Houthi rebels strike UK petroleum vessel in Aden Gulf, Indian Marine reacts to SOS signal

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British Oil Tanker Targeted by Houthi Militants in the Gulf of Aden

A British oil tanker, christened MV Marlin Luanda, was targeted by Houthi militants in the Gulf of Aden. Information released by the US Central Command (CENTCOM) confirmed the tanker was hit by an anti-ship ballistic missile on the evening of January 26.

Emergency Response to the Attack

In response to the distress call, the Indian Navy dispatched a team from its guided missile destroyer INS Visakhapatnam to assist in firefighting efforts aboard the Marlin Luanda, an oil tanker owned by Trafigura, a London-based commodities group.

Having battled the blaze for a total of six hours, the Indian Naval firefighting team, along with the crew of the Marlin Luanda, were able to gain control over the fire.

The crew aboard the tanker, which was on its way from Laconian Gulf in Greece to Singapore carrying Russian naphtha, included 22 Indian and one Bangladeshi nationals.

The missile attack is believed to be the handiwork of an Iran-backed group with a history of targeting merchant vessels. This unsettling trend on a key global trade route is considered by the group as retaliation against Israel’s offensive in Gaza.

The Aftermath of the Attack

The fiery attack left the Marshall Islands-flagged tanker ablaze for several hours. In the early hours of Saturday, a firefighting team from INS Visakhapatnam stepped aboard the vessel at the request of the tanker’s master.

The NBCD (Nuclear, Biological, and Chemical Damage Control) team of the Indian Navy were also equipped with firefighting equipment and charged with aiding the crew in augmenting firefighting efforts.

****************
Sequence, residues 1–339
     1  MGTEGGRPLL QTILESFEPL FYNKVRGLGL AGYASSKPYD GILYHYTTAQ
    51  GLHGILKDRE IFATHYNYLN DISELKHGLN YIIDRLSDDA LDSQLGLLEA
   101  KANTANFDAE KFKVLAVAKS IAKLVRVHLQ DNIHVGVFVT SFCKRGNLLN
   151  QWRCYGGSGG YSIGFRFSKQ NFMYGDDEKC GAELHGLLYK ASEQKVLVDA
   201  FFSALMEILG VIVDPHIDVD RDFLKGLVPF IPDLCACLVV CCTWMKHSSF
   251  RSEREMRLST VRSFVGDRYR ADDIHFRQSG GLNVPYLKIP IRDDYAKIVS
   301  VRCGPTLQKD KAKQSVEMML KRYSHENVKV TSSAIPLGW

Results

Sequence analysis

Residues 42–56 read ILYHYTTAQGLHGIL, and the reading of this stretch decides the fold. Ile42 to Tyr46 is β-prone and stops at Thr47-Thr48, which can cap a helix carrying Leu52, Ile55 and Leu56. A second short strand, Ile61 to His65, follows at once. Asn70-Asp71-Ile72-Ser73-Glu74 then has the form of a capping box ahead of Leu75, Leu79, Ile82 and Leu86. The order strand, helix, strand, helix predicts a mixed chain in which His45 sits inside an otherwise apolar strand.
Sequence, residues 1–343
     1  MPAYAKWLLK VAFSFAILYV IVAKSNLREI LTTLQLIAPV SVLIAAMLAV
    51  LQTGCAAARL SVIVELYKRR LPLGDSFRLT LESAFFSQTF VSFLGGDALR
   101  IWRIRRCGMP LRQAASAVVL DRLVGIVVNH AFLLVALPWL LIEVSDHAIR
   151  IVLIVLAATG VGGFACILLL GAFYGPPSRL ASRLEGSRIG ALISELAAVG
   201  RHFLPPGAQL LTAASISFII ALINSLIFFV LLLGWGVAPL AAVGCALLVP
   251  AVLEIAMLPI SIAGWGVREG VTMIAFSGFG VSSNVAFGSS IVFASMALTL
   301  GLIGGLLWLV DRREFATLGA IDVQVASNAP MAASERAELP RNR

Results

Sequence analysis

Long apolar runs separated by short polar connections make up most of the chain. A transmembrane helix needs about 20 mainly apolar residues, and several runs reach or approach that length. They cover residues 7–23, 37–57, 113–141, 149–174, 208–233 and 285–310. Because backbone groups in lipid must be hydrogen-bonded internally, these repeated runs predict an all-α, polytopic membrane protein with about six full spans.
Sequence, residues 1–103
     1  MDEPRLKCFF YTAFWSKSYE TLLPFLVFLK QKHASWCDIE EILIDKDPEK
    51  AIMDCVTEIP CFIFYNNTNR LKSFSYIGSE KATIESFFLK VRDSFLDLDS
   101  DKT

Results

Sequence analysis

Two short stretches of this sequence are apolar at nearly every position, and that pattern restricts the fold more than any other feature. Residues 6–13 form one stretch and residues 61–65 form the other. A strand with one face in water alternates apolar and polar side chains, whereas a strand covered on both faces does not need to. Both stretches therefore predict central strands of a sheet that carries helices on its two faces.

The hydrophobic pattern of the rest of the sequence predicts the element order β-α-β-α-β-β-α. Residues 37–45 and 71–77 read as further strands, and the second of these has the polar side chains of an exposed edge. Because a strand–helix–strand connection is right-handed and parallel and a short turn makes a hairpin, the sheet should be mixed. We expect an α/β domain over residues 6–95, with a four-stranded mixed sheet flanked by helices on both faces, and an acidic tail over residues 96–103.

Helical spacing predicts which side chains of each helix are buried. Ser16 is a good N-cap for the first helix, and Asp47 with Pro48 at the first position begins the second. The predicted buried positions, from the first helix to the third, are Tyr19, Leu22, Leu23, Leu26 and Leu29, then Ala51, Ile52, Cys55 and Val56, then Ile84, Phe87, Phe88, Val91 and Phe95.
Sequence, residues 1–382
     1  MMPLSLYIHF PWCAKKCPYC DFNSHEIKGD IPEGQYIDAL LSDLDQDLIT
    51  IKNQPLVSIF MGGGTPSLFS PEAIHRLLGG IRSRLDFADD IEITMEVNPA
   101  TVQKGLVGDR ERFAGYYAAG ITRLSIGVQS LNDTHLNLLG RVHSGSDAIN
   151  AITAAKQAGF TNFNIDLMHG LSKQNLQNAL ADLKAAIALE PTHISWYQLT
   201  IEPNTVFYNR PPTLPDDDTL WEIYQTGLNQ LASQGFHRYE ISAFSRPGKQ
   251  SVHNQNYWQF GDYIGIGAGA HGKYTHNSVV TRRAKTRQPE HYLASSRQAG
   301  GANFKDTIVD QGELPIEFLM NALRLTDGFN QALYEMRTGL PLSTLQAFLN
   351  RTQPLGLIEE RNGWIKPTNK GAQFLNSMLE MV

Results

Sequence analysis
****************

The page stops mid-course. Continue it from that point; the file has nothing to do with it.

About 12 warships of the Indian Navy are currently stationed in the Arabian Sea alongside the Gulf of Aden, all geared toward anti-piracy and maritime security operations.

Company Statements and Further Information

Trafigura, the London-based company that owns the oil tanker, confirmed on Saturday afternoon that the fire on board had been fully extinguished and that all crew members were safe.

In a statement, Trafigura expressed gratitude towards the ship’s master and crew as well as the Indian, United States, and French Navy vessels for their exceptional dedication and bravery. The company also confirmed that no other Trafigura vessel is currently transiting the Gulf of Aden in light of the assessment of risk to the safety and security of the crew members.

The Attack and the Attributed Responsibility

The US CENTCOM revealed earlier that the Houthi-controlled areas of Yemen launched the anti-ship ballistic missile which caused damage to the oil tanker. Following the attack, a distress call was issued by the ship and assistance was provided by the USS Carney along with other coalition ships.

The Houthi militants claimed responsibility for the attack, stating that they used precise naval missiles and the strike was direct. This attack follows closely on the heels of the joint strikes launched on Houthi targets in Yemen by the US and UK-led coalition earlier in January, aimed at inhibiting their capabilities.

The assault on the MV Marlin Luanda was predestined as the US CENTCOM had destroyed a Houthi anti-ship missile earlier that was aimed at the Red Sea and posed an imminent threat to the peace in the region.

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